Monday, 21 May 2012

Day of Sun: Sunday

After all the traveling Amanda and I did on Saturday, (and all the money spent getting from one place to the next) we decided to check out the university's outdoor pool which is about a 15-20 minute walk from our dorm. 

As we left our dorm at about 10:30, it was quite overcast with some storm clouds starting to form.  We decided to venture to the pool anyway as the water would help cool us down from the heat.  When we arrived at the pool, there appeared to be a swim practice going on for kids, and there were a few older people practicing as well.  It was an olympic sized pool (I can't wait for the Olympics to start!!)  with the lanes being used by swimmers. It was still quite cloudy when we arrived at the pool, but we were determined to swim.  We had nothing to do besides lay down our towels and set up camp.  I read Janet Evanovich's To the Nines, and Amanda read The Girl who Played with Fire

As we were waiting and watching the swim meet and reading, three Australian girls came up to us and asked us how long we had been waiting.  We told them about 20 minutes, and they decided to find out more information about the wait time, and then sat near us as well.  They were quite nice and pleasant to be around.  They are here in Ghana for a year volunteering in the city, so they aren't staying at the University. 

Finally, around noon, the pool started to empty as swim practice was drawing to a close.  The pool was quite deep,  (having dive boards up to four stories tall!) but we are unsure as to how deep the pool actually is  there were no depth markers on the sides of pools like we have in the U.S.  We had to pay 4 cedis for a swim cap (these are NOT flattering), and 3 cedis to swim.  The Australians jumped into the pool before we did, and stayed in for a short amount of time.  Other Ghanaians showed up to swim from kids to elderly people.  There were also some Asian and White people at the pool, so it was a little more diverse than what we've seen since our planes landed here.  There were probably about 30-50 people at the pool. 

Amanda and I jumped into the pool and stayed in the water for about an hour.  It felt so good to have some relief from the heat (and today, the clouds!) and just be in the water.  Our dorm only has a shower (which doesn't drain that well), so there arent many bath opportunities.  We got out of the pool and Amanda told me that my back was starting to get pink.  I then dried off quite quickly, and then covered myself from head to toe with sunscreen.  We read for a while and then jumped back into the pool for a short amount of time.  At this point, I was paranoid about getting sunburned, so I kept applying sunscreen.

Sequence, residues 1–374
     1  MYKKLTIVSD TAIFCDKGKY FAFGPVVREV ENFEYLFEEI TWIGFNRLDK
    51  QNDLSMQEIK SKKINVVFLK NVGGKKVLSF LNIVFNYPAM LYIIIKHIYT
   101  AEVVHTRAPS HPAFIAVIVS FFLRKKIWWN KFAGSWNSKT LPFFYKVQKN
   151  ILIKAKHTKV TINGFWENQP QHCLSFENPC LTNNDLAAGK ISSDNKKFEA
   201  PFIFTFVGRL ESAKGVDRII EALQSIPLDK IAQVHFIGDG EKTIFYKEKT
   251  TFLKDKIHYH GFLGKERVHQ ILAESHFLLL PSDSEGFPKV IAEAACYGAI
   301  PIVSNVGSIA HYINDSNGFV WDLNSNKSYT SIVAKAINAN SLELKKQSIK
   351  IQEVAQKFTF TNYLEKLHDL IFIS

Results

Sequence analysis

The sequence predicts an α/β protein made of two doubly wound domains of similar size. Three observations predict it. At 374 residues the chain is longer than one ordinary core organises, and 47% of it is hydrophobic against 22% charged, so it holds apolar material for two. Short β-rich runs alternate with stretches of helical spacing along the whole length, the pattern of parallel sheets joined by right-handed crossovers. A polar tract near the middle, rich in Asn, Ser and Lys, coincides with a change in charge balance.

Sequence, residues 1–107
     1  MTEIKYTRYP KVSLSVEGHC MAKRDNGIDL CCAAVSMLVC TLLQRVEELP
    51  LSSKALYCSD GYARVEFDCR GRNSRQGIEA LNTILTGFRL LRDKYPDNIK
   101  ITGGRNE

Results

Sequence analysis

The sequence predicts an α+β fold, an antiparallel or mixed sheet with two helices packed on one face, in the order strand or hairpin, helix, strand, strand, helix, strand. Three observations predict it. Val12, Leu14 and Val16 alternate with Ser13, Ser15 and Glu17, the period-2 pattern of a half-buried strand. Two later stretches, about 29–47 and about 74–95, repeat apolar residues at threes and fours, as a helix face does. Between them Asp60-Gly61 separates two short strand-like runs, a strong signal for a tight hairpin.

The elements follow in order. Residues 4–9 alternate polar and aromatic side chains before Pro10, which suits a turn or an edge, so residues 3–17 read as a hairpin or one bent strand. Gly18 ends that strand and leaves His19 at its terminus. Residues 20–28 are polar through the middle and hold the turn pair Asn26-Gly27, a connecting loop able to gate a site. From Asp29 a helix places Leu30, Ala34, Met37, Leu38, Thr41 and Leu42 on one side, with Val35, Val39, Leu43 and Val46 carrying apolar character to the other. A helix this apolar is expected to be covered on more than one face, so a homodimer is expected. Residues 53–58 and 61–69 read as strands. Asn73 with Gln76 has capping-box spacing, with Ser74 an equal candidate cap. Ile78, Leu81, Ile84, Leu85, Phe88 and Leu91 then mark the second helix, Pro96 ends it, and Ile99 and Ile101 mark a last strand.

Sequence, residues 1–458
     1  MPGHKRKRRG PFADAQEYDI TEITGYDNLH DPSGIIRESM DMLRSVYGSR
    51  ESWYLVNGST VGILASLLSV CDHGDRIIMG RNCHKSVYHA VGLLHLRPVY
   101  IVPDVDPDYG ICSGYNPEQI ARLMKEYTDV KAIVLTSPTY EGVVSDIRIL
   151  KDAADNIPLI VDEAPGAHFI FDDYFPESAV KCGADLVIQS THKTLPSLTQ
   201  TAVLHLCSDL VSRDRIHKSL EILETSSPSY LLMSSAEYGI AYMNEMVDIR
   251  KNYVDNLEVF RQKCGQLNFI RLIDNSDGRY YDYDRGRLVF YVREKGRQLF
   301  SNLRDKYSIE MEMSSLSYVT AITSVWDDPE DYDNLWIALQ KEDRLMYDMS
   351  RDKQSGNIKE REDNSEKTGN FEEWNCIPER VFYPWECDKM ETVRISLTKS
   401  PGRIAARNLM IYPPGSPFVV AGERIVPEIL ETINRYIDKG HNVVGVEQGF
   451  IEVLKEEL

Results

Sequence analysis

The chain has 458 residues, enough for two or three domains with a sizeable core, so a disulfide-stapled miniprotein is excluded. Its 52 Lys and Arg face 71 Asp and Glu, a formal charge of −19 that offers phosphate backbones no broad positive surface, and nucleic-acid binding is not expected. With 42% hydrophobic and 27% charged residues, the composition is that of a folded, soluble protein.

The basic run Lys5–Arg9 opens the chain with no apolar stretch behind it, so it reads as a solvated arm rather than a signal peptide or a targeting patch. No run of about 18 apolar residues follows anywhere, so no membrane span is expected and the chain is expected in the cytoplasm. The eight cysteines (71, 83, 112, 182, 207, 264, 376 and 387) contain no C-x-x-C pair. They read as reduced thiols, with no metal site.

We left around 3:30 in search of food.  All the cafeterias we tried were closed
 and so we stopped back at our dorm to shower.  When we returned to our dorm, we discovered that we didn't have any electricity.   We weren't sure how much water we had left because in the States, you usually don't have that much water left once power goes out.  I showered first real fast, and Amanda did the same.  We seemed to have water still!  After our showers, we started to turn pinker as our sunburns were starting to set in.  Aloe and lotion was applied along with taking some ibuprofen. 

We decided we really needed food and at 5, we walked about a half hour to a place off campus called Bonjour. There they had a pizza place, a chicken place, and an ice-cream place....all in one.  Amanda and I both ordered pizzas (their pizza portions here are quite small with respect to their larger portions of everything else.  A regular pizza is 10 cm, a Medium pizza is 20 cm, and I am not sure about the large pizza).  We both ate our Medium pizzas, and by this time it was dusk.  We decided to walk back to the dorms.

The mosquitos started to come out, but because it was breezy and we were constantly moving, I don't think either of us were bit by any (which is great because we didnt spray off with bug spray and we were already sunburned!).  It definitely turned quite dark on our walk home, and Amanda's cell phone had a torch light/flashlight which we used to help us see on some of the unpaved paths.  The walk home seemed to go by much faster than our walk to Bonjour, so that was a relief at least. 

When we returned home around 7, we were still without electricity.  I was washing my hair in the shower and we finally ran out of water.  We had nothing else to do but read (like we do most days, which is also why I am running out of books to read already!) with our booklights and our phones. 

There were three other dorms without power and so our compound was quiet--which is quite unusual as there always seems to be noise, talking, and singing going on.  Finally at 10:30, our electricity came back on and everyone within the four dorms in the compound cheered was really cool.


  1. Hahahah, this reminds me of Cuba! That's exactly what happens, the power comes back on and you can hear people cheering. The funny thing is that sometimes, since we lived in a hill, the people at the bottom of the hill would start cheering because the power came and we at the top had still not gotten the power but we knew it was coming that way too! hahahaah. I'm glad you are getting to experience some of this stuff!

    1. Thanks, Wendy! The power comes and goes sometimes. There was one night where the power came on for a second, everyone cheered, then it went off again, and everyone booed. It did it maybe 5 times, it was really funny listening to people get excited, and then a little annoyed.